Top Ten Tuesday is a weekly feature/meme hosted by The Broke and the Bookish. This week’s topic is Top Ten Best Sequels Ever.
I read a lot of series, which gives me a huge pool to draw from. So to narrow things down a bit, I used these criteria: the sequel had to be live up to or exceed the original book, and it had to be a real sequel, not just another book set in the same world or milieu. Mystery series featuring a specific detective counted as sequels. I also ruled out series that are essentially one long book broken into volumes, like The Lord of the Rings (which would otherwise have topped my list.)
As usual, these are in no apparent order other than the order in which they occurred to me. Oh, and I cheated — there are more than 10 choices here! I could easily have come up with more, since the fantasy and mystery genres which I love are so rife with series. So please forgive me if I left out some of your favorites!
- all six Harry Potter sequels, but especially The Prisoner of Azkaban, The Goblet of Fire, and The Deathly Hallows (J. K. Rowling). Everyone has their favorites, and those three are mine (after Philosopher’s Stone, of course.) That said, all the books are wonderful. ‘Nuff said.
- The Wise Man’s Fear (Patrick Rothfuss). OK, he went overboard on the whole Felurian section; it could have been a lot shorter. But Rothfuss’s talent for superb characterization, picaresque adventure, and phenomenal worldbuilding is just as strong in the second book as the first, and there are a lot of new hints about the Chandrian and about Kvothe’s past and future.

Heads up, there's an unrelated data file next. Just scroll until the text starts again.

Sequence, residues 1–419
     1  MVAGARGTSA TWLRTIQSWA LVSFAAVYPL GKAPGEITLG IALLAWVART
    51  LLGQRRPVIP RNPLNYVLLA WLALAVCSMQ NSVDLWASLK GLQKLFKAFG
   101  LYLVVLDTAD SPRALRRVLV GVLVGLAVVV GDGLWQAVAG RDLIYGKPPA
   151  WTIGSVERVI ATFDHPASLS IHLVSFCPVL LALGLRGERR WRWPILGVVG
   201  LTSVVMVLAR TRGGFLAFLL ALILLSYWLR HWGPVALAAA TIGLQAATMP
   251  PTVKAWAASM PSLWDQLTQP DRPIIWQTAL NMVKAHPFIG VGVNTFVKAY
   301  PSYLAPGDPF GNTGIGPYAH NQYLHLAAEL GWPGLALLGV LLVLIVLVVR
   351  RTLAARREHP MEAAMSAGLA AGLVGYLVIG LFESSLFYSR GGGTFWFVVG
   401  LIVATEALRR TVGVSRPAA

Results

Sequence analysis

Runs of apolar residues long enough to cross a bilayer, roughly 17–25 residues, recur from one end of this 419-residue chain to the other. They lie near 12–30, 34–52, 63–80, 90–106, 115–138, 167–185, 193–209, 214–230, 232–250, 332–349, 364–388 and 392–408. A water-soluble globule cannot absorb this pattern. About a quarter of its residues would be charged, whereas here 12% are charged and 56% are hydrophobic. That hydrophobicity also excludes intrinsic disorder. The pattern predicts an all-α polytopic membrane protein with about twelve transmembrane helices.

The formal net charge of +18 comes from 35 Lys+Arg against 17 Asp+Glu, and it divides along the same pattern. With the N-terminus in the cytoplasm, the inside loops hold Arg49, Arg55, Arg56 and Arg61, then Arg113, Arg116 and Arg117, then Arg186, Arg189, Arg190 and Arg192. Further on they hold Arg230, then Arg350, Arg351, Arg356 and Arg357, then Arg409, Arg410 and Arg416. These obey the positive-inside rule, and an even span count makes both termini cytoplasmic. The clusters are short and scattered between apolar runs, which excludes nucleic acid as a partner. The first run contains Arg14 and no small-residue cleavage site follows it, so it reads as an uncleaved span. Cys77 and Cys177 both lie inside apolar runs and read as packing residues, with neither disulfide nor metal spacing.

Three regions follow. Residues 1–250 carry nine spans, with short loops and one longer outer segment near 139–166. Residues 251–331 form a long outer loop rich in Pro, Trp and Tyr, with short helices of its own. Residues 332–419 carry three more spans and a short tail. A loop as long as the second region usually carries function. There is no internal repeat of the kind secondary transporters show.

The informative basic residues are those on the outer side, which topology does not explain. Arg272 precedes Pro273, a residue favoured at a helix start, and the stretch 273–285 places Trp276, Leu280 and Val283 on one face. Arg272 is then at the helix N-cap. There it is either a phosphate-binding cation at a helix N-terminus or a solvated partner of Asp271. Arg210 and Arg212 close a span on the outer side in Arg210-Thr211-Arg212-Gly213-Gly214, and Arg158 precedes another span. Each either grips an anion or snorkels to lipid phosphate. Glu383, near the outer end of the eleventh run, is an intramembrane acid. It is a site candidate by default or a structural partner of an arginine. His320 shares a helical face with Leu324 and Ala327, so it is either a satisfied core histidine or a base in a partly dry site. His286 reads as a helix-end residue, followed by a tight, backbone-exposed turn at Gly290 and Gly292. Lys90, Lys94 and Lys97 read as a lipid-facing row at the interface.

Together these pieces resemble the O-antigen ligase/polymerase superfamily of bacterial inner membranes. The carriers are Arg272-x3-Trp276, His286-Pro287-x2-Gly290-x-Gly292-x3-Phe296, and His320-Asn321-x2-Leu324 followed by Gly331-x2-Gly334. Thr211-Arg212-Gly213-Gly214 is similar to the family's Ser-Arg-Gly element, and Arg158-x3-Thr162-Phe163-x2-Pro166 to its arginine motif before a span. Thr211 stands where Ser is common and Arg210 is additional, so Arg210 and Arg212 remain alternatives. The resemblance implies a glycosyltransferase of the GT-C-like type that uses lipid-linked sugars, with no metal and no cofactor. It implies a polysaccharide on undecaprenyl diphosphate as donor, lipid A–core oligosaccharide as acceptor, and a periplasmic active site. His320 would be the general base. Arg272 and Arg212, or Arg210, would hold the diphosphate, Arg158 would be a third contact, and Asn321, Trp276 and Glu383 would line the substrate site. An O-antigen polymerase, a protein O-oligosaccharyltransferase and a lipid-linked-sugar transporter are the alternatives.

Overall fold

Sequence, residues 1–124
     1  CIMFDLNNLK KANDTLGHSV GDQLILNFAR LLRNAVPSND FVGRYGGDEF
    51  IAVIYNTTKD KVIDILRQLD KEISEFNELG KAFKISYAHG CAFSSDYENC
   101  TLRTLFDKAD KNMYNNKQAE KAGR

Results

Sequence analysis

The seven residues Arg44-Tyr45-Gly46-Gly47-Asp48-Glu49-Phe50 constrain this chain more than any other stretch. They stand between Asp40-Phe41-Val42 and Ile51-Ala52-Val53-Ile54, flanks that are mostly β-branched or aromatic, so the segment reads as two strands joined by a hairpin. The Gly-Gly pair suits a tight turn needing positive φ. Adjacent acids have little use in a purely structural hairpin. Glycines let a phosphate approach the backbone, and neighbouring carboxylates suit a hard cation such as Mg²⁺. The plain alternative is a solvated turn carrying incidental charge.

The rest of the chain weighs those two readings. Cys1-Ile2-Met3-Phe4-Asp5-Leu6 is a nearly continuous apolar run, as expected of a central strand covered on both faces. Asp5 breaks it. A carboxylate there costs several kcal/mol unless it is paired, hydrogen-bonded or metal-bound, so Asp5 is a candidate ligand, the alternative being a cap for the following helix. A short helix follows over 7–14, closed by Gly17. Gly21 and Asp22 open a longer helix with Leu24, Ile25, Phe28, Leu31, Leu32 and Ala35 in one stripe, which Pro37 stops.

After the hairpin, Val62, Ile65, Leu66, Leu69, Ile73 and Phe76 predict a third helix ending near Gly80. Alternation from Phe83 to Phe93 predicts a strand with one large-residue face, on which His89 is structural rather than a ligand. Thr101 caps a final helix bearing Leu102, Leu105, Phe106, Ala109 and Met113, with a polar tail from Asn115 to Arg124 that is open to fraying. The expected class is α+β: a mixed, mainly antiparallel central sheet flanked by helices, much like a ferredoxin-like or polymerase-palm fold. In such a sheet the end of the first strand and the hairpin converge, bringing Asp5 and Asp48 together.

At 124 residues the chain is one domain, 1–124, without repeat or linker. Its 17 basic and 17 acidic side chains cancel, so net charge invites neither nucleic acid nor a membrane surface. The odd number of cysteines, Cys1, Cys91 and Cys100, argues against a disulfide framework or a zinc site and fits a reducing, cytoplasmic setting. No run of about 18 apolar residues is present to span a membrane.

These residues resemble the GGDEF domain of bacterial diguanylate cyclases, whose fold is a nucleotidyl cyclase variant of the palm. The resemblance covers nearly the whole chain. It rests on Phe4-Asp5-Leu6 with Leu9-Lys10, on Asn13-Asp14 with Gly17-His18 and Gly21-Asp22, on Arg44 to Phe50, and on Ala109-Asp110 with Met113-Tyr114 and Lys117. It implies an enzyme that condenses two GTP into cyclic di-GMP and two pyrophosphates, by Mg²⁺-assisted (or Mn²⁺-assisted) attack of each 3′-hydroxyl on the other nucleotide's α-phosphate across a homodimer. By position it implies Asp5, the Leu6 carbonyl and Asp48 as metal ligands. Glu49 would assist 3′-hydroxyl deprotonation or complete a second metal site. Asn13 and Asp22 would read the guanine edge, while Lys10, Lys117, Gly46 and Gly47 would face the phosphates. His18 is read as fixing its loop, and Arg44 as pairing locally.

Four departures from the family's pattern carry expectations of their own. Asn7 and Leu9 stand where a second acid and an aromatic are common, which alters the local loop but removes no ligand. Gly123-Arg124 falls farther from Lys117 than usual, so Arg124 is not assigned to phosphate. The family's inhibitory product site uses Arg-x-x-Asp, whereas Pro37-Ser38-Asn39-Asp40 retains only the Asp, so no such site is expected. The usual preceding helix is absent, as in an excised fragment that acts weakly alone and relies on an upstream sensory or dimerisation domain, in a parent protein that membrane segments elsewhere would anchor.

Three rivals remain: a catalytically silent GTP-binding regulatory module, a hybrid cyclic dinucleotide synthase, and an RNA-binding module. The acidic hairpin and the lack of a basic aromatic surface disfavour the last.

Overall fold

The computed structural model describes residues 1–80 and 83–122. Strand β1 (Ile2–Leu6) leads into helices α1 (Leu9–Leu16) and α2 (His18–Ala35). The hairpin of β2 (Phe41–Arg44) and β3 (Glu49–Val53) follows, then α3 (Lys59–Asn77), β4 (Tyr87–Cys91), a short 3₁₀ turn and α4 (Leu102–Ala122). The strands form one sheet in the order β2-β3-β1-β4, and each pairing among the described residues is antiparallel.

- Shadow of Night (Deborah Harkness) doesn’t convey quite the same level of suspense and danger that A Discovery of Witches does, but the richness of the historical setting, the opportunity to meet characters already dead in the first book, and the deepening relationship between Matthew and Diana make up for it in my opinion. And besides, all those well-known Elizabethans!
- The Dark is Rising & The Grey King (Susan Cooper). You could argue that The Dark is Rising isn’t really a sequel to Over Sea, Under Stone because only a secondary character ties the two together. (Book three, Greenwich, ties the the first two books together far more closely.) But The Dark is Rising is that rare sequel which is significantly better than the first book, and The Grey King is another stellar entry in the series.
- The White Dragon (Anne McCaffrey) I actually find this the strongest and best-written of the original Dragonrider trilogy.
- O Jerusalem & Justice Hall (Laurie R. King) King’s Mary Russell & Sherlock Holmes series are all entertaining, but the first book, The Beekeeper’s Apprentice, is phenomenal, and these two run a close second. I’m particularly fond of O Jerusalem, which strictly speaking is neither a sequel nor a prequel, since it expands on events which occurred during The Beekeeper’s Apprentice, but were only tangential to that plot.
- Dragonsinger (Anne McCaffrey) Just as wonderful and well-written as Dragonsong. As a singer myself, I actually find Dragonsinger more appealing than the first book, because it takes place within the Harper Hall; the music-school details are delightful. McCaffrey was a trained singer, so she knew what she was talking about.
- Page, Squire, Lady Knight (Tamora Pierce). The whole Kel series (officially called The Protector of the Small quartet) is probably my favorite of Pierce’s works, and each of the books is well-written and gripping.
- Strong Poison & Gaudy Night (Dorothy Sayers). Although I could make a good case for The Nine Tailors or Murder Must Advertise, as well. Face it, almost every Lord Peter Wimsey book Sayers wrote is pretty darn good. But these two, with their insights into Peter and Harriet both, are amazing.
- Nemesis (Agatha Christie). A double sequel — it’s a Miss Marple, and specifically it is a sequel of sorts to A Caribbean Mystery. Nemesis is easily one of the best of the Miss Marple series, in my opinion. Though I’m also quite fond of A Murder is Announced and a number of others.
- The Horse and His Boy (C. S. Lewis) The inclusion, however brief, of Susan, Edmond, and Lucy in this book qualifies it as a sequel under my criteria. It’s my absolute favorite Narnia book after The Lion, the Witch, and the Wardrobe.